The Beloved Community: Recognizing the interconnectedness of our lives
Apr 2, 2023, 11:45 AM | Updated: 1:03 pm
(Ryan Sun/Deseret News)
SALT LAKE CITY — Dr. Martin Luther King Jr. spoke often about the need to create “the beloved community.” It’s a world where people of every race, religion and nation could live together in peace and harmony. And, an atmosphere where we can work together for the common progress of humankind. In the beloved community poverty, hunger and homelessness would not be tolerated. This is because standards of human decency won’t allow it. Racism and all forms of discrimination, bigotry, and prejudice will be replaced by an all-inclusive spirit of Sisterhood and Brotherhood.
Dr. King did not invent the term “The Beloved Community.” He learned about it from the philosopher Josiah Royce. Dr. King expanded the theme with his extraordinary vision of what was possible. Many religious, political, business and community leaders have shared versions of the vision for decades now.
Dallin H. Oaks, First Counselor in the First Presidency, of The Church of Jesus Christ of Latter-day Saints spoke recently to members in Chicago, Illinois. He described the premise of the Beloved Community. President Oaks challenged all to recognize the need to see each other as sisters and brothers. And, to not only respect one another despite our differences but to love one another as God loves all His children.
Beginning the journey toward the beloved community
In order to love one another in a way that fosters the beloved community the lost art of listening must be reenthroned as a vital virtue in society. Rabbi Melissa Weintraub heads an organization called Resetting the Table. She shared with me what it means to truly capture another person – who they are – not who we think they are, by listening and reflecting. Rabbi Weintraub teaches individuals and organizations the art and skill of “bullseye reflection” where you listen, and keep listening until the other person feels you have understood the essence (bullseye) of what they are saying. It is a blessed community kind of listening.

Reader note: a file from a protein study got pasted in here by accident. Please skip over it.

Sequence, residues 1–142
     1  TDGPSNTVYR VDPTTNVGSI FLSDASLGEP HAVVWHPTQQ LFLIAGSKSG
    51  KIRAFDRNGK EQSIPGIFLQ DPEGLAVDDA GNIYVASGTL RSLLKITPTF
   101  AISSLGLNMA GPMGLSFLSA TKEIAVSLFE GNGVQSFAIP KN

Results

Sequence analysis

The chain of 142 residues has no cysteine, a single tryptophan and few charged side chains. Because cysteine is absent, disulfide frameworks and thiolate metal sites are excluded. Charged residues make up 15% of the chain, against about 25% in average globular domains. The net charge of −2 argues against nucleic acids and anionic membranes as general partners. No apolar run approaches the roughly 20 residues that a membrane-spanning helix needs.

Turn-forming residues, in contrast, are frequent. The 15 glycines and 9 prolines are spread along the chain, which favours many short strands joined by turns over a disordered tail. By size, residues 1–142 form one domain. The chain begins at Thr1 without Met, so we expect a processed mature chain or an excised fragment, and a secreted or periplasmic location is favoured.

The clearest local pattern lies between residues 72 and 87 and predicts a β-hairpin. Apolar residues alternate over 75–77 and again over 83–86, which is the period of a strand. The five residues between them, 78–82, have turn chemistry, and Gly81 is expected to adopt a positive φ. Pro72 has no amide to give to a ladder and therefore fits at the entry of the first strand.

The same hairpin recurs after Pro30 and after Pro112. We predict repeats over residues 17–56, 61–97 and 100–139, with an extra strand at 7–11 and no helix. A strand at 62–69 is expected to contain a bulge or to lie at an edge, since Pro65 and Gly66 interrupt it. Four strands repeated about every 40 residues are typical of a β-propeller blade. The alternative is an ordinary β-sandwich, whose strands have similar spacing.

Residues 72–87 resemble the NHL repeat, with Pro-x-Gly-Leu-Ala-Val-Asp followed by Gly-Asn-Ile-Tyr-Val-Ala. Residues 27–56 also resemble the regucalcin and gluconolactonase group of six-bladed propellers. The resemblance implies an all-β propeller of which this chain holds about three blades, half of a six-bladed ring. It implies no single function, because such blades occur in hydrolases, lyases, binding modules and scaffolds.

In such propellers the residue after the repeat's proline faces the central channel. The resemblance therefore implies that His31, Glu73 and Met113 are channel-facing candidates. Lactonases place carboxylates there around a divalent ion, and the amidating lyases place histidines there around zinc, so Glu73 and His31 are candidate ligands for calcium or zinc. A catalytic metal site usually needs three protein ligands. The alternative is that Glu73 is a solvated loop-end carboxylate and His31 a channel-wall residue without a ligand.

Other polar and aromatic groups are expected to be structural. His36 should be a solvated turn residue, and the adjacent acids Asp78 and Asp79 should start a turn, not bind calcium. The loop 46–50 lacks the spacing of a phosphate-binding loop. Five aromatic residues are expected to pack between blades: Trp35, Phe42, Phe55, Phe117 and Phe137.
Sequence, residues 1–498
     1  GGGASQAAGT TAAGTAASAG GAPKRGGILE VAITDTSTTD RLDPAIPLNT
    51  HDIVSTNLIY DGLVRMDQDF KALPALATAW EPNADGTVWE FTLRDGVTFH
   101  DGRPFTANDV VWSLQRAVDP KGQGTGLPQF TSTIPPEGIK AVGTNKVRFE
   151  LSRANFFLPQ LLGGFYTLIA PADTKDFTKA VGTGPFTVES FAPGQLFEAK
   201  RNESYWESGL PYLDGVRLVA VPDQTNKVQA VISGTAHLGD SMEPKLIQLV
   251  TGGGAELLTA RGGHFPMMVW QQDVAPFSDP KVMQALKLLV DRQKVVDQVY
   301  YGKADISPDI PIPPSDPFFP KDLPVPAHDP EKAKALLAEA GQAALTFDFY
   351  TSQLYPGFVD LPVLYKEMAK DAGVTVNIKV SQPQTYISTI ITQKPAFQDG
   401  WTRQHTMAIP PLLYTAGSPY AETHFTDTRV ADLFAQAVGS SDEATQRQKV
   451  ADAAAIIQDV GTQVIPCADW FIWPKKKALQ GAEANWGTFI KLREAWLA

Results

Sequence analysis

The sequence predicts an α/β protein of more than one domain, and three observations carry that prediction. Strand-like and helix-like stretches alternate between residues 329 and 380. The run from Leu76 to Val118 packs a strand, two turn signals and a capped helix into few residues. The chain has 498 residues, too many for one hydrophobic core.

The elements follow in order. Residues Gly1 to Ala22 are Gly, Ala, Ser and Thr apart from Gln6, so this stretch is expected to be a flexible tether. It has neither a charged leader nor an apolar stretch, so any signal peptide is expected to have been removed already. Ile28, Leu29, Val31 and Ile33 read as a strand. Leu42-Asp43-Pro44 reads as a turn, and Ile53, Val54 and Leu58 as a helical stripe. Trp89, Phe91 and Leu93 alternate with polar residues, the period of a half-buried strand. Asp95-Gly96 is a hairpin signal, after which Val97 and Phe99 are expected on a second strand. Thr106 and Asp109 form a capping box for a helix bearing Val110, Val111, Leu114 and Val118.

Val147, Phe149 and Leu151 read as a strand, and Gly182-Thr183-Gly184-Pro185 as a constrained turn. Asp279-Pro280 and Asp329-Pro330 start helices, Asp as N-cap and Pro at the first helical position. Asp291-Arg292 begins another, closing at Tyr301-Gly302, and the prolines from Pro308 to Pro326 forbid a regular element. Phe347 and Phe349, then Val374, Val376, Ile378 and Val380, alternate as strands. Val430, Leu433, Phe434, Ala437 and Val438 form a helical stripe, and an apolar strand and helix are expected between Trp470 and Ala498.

Reverend Phyllis Spiegel is the Bishop of the Episcopal Church of Utah. We sat down recently and were discussing how the community is recreated coming out of isolation and how love can be fostered for all.
I love how Bishop Spiegel talks about not just those that are obviously struggling, the unhoused, the imprisoned or impoverished or addicted – but those living on our own streets who might be isolated or disconnected from the beloved community through age, illness or depression. It is all of our jobs to reach out and lift up.
The beloved community requires community
The beloved community cannot be created in isolation and requires individuals to lean in and lift-up those in need.
David Brooks is one of the nation’s leading writers and commentators. He is a columnist for The New York Times and a best-selling author. Some time ago I interviewed David and we discussed a unique component of the beloved community, which is our capacity to care and live in connection and even covenant with those in our community.
Humans have a natural, yet magical instinct and ability to care for others. Some take these divine inclinations and apply them to transform lives in their communities. David Brooks refers to them as The Weavers.
The Weavers, as described by David Brooks